Tinders
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How competitive is pupillage with the CPS? I know that's quite vague so I'll clarify.

Most pupils and juniors under 5 years call at crime sets that I have been looking at, usually have a first/2:1 from a Russell Group university? Do pupils and very junior barristers at the CPS have similar credentials? Or is it more/less competitive than applying to a set of chambers?

As a side note, if you do undertake pupillage with the CPS, does this only qualify you to prosecute? Or if you were to leave the CPS and join a set would you then be allowed to both prosecute and defend?
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Crazy Jamie
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Pupillage with the CPS does not only qualify you to prosecute. You would be able to do both if you then moved to the self employed Bar. The potential issue of course is that you would not have any experience in defence work. Moving from the employed to the self employed Bar is not dissimilar to moving to a different set as a self employed barrister, or even becoming a barrister after being a solicitor in that the set that you wish to move to would have to be convinced both that you have the right skillset for them and that there is a business case for taking you on. The precise considerations in that regard will always change depending on the specifics. A set might expect a transferring solicitor of 10 years practice to have contacts that will enable them to bring work in, for example, whilst there likely be less of an expectation on a barrister who is seeking a third six or is looking to move after being in practice for only one or two years. I know of barristers who have moved from the CPS to the self employed Bar, so it is certainly possible, but it would be a mistake to think that getting pupillage with the CPS is an alternative route into self employed practice, because that's not the case. You need to be aware that it is far from an automatic process, and you will need to have an eye on the considerations that sets will look at when deciding whether or not take you on.

As for your other question, I don't know how competitive pupillage is with the CPS and don't have any knowledge of that recruitment process. I imagine it will be quite different in a number of ways (at least internally) to the process that is run by sets, but whether that translates to a different experience for applicants is something that I don't know. I expect it will be just as competitive from the perspective of academic credentials, for example I don't think you'd stand any more chance of securing pupillage with the CPS with a 2:2 rather than a First or a 2:1, but you'd need to get the views of others with more experience of that process to give you further insight beyond that.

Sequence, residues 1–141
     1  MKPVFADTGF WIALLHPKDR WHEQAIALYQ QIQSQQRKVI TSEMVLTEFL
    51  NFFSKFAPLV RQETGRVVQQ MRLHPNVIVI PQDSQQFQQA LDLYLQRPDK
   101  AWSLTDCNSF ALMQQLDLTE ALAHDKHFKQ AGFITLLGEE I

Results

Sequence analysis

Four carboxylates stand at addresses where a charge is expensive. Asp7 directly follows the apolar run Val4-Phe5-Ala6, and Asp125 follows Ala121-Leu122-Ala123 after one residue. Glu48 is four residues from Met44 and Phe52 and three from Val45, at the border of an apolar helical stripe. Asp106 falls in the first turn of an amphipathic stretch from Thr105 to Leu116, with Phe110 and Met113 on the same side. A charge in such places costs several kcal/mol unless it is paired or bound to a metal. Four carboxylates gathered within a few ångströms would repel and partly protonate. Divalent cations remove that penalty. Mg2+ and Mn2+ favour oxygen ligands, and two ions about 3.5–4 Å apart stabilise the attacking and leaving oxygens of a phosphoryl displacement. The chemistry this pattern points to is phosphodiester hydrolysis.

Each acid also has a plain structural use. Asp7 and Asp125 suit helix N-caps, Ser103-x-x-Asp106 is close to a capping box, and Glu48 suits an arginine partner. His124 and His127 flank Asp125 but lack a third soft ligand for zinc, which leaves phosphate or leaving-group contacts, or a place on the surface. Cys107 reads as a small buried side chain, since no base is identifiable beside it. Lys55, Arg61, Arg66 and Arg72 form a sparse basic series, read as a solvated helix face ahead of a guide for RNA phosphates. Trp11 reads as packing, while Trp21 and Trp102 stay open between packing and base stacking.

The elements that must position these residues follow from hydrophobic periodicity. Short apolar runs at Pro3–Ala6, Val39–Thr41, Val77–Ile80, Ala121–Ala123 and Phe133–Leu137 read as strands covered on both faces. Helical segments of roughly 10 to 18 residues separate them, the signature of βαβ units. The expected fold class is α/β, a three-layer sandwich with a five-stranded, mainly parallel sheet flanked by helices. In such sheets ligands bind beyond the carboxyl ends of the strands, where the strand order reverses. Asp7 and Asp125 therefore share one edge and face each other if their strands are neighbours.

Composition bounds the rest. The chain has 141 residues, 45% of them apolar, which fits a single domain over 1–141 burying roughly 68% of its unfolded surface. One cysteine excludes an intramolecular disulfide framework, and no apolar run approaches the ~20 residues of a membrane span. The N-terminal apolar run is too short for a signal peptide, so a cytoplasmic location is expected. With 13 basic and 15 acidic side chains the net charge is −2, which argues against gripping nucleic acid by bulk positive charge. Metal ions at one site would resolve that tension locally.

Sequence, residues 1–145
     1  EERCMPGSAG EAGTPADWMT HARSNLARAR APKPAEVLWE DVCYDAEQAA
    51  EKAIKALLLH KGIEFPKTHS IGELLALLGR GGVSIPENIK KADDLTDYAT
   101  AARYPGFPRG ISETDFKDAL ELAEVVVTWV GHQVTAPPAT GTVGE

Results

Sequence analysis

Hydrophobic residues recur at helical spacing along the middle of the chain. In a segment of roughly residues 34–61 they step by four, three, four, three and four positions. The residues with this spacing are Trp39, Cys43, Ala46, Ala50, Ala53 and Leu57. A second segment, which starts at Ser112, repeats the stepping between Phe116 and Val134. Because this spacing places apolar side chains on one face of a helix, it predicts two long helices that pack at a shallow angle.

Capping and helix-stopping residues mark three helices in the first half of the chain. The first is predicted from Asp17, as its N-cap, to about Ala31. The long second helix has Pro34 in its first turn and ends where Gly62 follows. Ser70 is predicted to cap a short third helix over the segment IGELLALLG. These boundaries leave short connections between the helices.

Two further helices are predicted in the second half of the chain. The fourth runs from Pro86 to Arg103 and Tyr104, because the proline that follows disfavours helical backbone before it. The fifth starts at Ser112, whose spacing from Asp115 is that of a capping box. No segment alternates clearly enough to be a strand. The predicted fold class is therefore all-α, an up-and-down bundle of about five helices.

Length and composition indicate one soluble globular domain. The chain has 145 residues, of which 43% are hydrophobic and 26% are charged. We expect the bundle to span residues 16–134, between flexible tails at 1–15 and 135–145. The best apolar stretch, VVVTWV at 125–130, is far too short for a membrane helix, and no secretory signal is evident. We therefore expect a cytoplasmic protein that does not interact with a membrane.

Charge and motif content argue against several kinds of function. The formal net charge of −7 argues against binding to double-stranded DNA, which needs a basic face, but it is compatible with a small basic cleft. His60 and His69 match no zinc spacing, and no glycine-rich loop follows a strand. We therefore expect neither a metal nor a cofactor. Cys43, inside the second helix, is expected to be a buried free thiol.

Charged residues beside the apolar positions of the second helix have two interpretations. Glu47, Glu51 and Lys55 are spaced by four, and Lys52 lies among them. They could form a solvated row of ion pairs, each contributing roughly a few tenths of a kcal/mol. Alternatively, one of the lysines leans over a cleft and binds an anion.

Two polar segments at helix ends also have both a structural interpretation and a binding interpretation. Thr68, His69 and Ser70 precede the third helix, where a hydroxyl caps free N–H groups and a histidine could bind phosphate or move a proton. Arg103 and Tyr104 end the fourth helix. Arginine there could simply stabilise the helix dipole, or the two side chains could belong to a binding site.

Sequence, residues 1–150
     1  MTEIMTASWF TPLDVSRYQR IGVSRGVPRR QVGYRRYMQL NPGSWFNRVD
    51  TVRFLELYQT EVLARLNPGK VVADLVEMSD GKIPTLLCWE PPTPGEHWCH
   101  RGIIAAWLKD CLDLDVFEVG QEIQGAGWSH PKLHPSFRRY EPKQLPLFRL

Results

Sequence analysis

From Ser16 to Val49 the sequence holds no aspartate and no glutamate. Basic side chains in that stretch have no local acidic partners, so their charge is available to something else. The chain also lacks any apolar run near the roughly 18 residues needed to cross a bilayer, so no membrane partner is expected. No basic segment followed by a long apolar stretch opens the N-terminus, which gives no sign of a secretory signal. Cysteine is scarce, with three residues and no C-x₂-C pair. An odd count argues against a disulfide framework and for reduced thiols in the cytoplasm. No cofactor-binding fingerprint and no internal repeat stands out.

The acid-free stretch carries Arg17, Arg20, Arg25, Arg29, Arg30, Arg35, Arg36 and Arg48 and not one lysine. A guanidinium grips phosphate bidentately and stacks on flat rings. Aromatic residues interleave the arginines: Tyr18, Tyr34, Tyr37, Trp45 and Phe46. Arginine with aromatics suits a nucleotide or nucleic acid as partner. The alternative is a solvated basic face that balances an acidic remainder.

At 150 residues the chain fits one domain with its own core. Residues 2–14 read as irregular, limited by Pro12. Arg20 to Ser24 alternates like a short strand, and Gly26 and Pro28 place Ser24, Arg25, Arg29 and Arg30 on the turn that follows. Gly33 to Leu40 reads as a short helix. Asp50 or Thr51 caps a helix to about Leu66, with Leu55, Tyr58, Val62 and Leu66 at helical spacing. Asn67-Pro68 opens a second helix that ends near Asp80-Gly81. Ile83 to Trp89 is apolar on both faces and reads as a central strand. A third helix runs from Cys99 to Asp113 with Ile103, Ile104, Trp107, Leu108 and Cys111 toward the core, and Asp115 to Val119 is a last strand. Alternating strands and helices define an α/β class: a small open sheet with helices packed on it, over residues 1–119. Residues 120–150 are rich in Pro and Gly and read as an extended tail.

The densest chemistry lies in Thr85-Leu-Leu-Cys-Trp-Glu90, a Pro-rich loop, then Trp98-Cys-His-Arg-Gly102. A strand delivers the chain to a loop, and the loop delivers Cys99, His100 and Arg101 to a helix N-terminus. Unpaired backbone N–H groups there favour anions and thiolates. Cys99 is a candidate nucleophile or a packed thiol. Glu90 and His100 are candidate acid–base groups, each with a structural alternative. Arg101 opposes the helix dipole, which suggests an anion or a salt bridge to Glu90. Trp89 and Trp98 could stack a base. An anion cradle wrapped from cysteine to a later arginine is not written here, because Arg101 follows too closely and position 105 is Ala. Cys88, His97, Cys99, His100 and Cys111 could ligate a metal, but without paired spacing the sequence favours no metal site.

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The University of Law Students
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(Original post by Tinders)
How competitive is pupillage with the CPS? I know that's quite vague so I'll clarify.

Most pupils and juniors under 5 years call at crime sets that I have been looking at, usually have a first/2:1 from a Russell Group university? Do pupils and very junior barristers at the CPS have similar credentials? Or is it more/less competitive than applying to a set of chambers?

As a side note, if you do undertake pupillage with the CPS, does this only qualify you to prosecute? Or if you were to leave the CPS and join a set would you then be allowed to both prosecute and defend?
Hi Tinders

You'll find lots more on working for the CPS here: https://www.cps.gov.uk/careers/legal...e-scheme-2021- even if you are not applying this year, it will give you an idea on what is needed and available. All training schemes are competitive but don't let that put you off- find out early what you need and then work towards getting it. When you see a criteria, also remember you don't need EVERYTHING on the list- just most so don't be put off if you not at a Russell Group University.

Yes if you do leave the employed bar (like CPS) and move to the self-employed bar (in chambers), then you can act for both sides but it will depend on the taxi-rank rule and the type of clients your chambers interacts with.

A really good tip is to follow chambers and the CPS on LinkedIn and get involved with their events. Mary Prior QC is an inspirational criminal barrister who is worth following.